On May 31, 1850, nine men gathered to begin planning a university that would serve the Northwest Territory.
Given that they had little money, no land and limited higher education experience, their vision was ambitious. But through a combination of creative financing, shrewd politicking, religious inspiration and an abundance of hard work, the founders of Northwestern University were able to make that dream a reality.
In 1853, the founders purchased a 379-acre tract of land on the shore of Lake Michigan 12 miles north of Chicago. They established a campus and developed the land near it, naming the surrounding town Evanston in honor of one of the University's founders, John Evans. After completing its first building in 1855, Northwestern began classes that fall with two faculty members and 10 students.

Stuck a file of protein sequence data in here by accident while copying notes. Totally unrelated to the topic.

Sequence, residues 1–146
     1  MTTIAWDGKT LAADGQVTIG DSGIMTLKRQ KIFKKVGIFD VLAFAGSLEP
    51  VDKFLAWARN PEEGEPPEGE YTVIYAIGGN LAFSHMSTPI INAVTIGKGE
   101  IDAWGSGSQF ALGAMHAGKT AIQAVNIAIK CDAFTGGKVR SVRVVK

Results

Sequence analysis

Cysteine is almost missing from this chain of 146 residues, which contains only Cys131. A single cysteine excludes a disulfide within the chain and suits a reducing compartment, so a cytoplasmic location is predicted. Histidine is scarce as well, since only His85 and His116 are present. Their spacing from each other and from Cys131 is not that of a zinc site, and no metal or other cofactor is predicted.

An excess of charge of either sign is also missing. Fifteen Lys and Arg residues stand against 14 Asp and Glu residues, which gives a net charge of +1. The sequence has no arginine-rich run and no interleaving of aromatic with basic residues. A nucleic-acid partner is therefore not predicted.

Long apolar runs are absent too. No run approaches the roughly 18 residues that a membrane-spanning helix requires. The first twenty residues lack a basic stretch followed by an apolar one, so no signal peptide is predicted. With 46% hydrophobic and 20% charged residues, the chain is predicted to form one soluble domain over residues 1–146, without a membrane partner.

Twenty-one presidents have presided over Northwestern in the years since. The University has grown to include 12 schools and colleges, with additional campuses in Chicago and Doha, Qatar.
Visit the Northwestern University website.
Imagine Alexander Graham Bell’s reaction if someone handed him an iPhone and told him that the device in his hand was the same as the large, cone-mounted transmitter he invented and used to call Thomas Watson in 1876.
Learning is frequently uncomfortable, and students need safe spaces where they can retreat, relax and recoup, says Northwestern President Morton Schapiro in this Q&A with Wall Street Journal reporter Douglas Belkin.